Here is my 7-generation fan chart family tree in FamilySearch Family Tree:


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Diane Gould Hall said...

You may one day convince me Randy. Thanks for you excellent explanation.

Anne Young said...

I often refer to FamilySearch but I am much more a fan of Wikitree as a single online tree - I find its layout more clear in documenting sources and also discussions about editing - how you know various facts and relationships. For my forebears I have found it more reliable too - FamilySearch has many duplicate people when it creates separate people from primary records such as baptisms resulting in a father having 9 profiles - one for each child. I have done a lot of work to clear up and verify these multiple profiles into one but it is challenging to ensure one has got it right. I do like FamilySearch citations and use them at Wikitree and I try to link the two trees.

I definitely concur with the "put your stuff everywhere you can".

mbm1311 said...

I agree about Wiki tree but I use both. On family search I use of Collaborate. I might say "WARNING there are two Edward Sullivan's in Portsmouth, Ohio about the same age. One married Anna Zamp, the other married Mary O'Brien. See the notes under the attached documents. PLEASE DO NOT MERGE THESE TWO MEN. Thank you." No family member wants my research but someday a family member, who I haven't met will want to evaluate my research.

Karen Polk said...

I use FSFT, Ancestry, My Heritage, purchased RM8But nit installed. I also have Family Tree SW But not used to date. I'm trying to put stuff everywhere as I am able. I have so many hints I'm inundated...time is always my enemy. What is your method to keep up?

Keith Riggle said...

I think it would be a huge mistake to use FamilySearch Family Tree, or any collaborative family tree, as one's main genealogy database. As Randy pointed out, other users could mistakenly change information about your ancestors or merge completely different profiles together. While Randy says he hasn't had major problems with this, I have, despite adding copious sources, notes, discussions, and reasons. I've detailed some of the problems I've had at The root of the problem with FSFT, as I see it, is that it lacks referees for disputes over information. WikiTree and Geni avoid many of these problems by having profile managers, projects, and curators. I will contribute to WikiTree and Geni, but I will not contribute to FSFT again until they implement some sort of referee. The main thing I use FSFT for is their excellent trove of digitized and/or indexed records.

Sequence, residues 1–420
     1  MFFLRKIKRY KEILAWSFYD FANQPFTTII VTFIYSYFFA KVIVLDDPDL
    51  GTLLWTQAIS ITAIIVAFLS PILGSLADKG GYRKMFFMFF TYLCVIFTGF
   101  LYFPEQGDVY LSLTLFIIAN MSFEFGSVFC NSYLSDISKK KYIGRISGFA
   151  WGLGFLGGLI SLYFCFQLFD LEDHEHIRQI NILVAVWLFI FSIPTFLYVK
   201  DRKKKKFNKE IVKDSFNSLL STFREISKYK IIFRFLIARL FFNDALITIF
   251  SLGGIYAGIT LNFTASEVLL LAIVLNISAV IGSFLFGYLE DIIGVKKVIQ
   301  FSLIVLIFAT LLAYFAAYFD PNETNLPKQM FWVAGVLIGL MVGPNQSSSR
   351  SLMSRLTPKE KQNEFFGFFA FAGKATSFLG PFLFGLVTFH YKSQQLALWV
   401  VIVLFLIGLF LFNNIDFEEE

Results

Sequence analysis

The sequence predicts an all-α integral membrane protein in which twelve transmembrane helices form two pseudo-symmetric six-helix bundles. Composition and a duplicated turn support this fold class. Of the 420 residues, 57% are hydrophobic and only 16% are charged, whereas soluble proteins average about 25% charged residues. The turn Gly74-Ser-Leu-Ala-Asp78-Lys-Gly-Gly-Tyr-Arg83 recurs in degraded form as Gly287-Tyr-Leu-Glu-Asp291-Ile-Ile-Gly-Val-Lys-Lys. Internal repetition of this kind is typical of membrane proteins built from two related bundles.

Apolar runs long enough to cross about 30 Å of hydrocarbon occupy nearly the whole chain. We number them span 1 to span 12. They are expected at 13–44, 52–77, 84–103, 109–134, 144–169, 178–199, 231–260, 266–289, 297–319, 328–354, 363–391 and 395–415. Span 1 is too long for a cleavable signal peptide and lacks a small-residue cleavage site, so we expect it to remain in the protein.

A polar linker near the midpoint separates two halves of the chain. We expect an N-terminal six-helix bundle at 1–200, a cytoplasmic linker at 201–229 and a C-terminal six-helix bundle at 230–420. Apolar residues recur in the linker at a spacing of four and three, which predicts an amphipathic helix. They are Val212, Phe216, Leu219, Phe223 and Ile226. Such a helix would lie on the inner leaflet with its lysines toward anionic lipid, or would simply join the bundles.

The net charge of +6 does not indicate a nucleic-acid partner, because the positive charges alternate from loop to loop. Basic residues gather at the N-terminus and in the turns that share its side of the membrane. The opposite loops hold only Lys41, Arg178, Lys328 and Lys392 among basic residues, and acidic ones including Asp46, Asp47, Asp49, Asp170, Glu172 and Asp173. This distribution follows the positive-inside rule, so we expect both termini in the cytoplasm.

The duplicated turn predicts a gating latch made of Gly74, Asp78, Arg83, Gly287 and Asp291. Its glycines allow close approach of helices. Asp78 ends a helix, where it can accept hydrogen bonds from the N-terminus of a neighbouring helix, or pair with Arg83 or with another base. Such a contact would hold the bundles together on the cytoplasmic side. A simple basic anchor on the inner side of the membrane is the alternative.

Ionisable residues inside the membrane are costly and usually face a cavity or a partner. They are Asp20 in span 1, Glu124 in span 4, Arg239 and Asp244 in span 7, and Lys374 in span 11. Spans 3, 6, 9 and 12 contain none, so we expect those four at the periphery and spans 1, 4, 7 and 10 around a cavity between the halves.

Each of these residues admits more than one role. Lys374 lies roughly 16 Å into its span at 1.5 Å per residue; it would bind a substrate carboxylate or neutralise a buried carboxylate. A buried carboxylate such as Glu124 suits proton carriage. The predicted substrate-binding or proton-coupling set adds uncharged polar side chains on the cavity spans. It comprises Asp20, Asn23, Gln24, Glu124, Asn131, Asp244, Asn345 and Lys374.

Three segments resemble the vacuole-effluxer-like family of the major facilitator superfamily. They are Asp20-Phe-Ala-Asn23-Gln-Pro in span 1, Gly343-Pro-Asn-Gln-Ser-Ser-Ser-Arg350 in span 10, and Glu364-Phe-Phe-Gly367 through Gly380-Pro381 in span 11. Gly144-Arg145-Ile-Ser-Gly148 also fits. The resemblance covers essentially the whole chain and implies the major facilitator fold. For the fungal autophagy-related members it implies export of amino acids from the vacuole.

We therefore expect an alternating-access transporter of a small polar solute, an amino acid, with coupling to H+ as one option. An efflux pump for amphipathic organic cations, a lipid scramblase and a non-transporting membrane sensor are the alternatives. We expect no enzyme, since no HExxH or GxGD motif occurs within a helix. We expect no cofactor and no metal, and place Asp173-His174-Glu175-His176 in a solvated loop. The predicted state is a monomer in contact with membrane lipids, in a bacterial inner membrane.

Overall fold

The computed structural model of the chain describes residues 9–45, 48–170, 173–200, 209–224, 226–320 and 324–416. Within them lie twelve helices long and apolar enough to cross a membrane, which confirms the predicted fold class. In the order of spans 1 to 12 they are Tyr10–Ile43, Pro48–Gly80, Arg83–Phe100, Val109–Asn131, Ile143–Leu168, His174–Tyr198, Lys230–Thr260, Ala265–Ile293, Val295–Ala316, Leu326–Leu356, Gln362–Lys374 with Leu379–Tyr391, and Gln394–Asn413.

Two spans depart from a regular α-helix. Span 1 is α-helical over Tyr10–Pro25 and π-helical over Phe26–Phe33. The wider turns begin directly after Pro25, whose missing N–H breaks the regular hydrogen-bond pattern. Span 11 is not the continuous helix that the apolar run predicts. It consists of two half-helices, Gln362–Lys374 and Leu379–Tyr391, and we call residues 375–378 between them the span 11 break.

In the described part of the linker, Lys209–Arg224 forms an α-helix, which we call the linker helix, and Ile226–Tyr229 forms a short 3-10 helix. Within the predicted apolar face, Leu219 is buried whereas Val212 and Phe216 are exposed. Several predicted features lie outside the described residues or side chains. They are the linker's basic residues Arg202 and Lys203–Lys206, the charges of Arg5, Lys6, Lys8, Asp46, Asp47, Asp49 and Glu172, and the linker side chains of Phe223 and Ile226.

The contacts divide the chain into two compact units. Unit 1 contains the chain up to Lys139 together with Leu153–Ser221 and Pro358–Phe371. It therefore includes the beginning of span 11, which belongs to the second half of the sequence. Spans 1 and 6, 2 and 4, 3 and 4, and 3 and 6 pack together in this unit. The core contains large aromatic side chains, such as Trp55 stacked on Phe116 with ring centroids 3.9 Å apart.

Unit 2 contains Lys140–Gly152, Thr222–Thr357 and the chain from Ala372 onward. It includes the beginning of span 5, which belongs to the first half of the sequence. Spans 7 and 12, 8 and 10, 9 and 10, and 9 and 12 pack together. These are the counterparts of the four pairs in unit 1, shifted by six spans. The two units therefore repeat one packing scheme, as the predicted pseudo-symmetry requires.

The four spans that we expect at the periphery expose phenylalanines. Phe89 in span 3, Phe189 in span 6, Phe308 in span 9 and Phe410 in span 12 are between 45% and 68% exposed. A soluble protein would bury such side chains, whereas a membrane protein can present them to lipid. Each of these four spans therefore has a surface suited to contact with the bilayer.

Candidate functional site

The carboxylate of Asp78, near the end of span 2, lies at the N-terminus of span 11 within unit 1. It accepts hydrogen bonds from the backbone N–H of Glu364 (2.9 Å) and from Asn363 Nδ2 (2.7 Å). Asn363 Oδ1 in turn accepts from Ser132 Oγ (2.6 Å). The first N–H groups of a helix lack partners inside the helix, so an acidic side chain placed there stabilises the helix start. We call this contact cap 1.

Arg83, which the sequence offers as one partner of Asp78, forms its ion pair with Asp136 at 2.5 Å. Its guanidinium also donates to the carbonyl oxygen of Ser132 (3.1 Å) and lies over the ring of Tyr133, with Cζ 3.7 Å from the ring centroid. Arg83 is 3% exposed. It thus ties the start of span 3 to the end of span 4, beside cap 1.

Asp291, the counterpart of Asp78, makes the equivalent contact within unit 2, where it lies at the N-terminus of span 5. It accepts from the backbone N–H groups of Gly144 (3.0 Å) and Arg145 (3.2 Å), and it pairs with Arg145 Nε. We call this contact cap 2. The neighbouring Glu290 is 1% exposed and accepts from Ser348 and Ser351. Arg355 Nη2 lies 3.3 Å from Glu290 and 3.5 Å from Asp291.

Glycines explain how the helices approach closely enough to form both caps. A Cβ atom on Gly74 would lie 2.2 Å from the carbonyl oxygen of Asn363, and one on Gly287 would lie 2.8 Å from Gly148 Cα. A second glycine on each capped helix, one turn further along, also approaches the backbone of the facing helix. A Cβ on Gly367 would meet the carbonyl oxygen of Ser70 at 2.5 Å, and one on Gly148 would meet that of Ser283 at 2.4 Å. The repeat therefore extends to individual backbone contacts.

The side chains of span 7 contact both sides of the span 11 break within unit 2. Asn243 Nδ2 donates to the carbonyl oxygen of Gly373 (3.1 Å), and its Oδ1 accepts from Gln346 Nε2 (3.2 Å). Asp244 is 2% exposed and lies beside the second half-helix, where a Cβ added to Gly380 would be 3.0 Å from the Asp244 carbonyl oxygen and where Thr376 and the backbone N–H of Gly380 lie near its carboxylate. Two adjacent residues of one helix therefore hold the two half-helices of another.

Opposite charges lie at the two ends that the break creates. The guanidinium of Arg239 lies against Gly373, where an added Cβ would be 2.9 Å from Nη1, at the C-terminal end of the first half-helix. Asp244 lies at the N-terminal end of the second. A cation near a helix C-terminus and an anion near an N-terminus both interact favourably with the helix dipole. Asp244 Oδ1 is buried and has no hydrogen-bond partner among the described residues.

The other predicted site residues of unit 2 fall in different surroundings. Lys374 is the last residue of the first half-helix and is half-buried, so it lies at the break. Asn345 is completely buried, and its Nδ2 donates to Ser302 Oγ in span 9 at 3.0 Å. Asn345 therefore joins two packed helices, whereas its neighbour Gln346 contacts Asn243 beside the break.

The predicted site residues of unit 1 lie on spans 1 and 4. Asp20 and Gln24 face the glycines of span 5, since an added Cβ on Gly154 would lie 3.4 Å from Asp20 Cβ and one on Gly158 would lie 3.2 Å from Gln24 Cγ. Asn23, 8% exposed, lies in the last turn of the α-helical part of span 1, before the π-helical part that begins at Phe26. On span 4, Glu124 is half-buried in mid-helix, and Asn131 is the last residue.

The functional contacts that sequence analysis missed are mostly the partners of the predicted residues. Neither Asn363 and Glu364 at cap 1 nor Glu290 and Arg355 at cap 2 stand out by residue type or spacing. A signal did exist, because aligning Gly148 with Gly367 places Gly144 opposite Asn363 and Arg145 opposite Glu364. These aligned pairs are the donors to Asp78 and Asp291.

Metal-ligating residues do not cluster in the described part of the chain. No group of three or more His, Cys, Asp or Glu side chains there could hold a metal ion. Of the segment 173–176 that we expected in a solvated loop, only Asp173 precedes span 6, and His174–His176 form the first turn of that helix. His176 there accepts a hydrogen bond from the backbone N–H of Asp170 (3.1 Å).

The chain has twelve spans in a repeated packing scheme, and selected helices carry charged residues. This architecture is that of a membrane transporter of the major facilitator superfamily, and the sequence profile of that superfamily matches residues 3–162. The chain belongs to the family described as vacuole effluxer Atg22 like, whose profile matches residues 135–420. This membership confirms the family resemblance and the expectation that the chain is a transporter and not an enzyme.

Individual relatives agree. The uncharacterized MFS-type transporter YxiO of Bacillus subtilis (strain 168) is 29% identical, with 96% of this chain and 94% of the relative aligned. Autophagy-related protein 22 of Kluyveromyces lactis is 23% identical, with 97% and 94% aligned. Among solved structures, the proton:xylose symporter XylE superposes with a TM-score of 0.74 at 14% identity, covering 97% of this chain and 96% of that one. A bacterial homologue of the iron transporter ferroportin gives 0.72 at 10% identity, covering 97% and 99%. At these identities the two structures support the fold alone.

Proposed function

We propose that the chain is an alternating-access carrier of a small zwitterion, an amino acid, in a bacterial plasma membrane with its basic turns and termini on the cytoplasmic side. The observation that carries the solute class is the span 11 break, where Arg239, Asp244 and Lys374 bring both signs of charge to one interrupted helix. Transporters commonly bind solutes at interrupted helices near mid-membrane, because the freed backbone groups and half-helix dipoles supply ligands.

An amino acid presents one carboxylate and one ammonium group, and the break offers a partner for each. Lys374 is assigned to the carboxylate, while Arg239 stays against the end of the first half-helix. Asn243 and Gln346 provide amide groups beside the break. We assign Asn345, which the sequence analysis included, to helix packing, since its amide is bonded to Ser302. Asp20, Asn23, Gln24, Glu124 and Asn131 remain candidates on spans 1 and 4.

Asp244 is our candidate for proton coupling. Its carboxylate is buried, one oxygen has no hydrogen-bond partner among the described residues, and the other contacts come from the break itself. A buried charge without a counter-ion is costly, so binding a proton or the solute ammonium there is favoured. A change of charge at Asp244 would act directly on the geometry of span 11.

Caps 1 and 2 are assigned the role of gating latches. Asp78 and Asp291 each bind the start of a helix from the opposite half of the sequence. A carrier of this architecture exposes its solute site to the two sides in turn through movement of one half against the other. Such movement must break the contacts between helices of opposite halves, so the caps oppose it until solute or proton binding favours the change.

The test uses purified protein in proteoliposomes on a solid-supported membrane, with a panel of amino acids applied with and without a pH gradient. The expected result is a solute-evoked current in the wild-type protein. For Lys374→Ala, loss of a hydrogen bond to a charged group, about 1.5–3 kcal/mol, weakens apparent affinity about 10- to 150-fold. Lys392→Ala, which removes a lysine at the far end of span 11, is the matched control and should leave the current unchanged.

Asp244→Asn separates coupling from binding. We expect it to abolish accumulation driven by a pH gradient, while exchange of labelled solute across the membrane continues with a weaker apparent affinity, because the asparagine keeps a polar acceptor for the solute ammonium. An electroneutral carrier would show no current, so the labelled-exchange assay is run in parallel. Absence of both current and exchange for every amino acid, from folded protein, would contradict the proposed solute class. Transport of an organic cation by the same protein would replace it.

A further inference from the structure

I agree with Randy and the other commenters about storing one's family tree in as many places as possible, including websites where you control the tree such as But even then I wouldn't rely on a website to be my main database storage. I want my main database to be on my computer that I own and have complete control over. For me that's a 2012 Macbook Pro with Family Tree Maker 2019. I'm trying out RootsMagic 8 right now, and though there's lots to like about it, there are too many problems with how it handles GEDCOM files for me to use it as my main genealogy app. I'm surprised your reader with an iMac has trouble running it; I'm curious how old it is, how much RAM it has, and when was the last time they reinstalled the OS.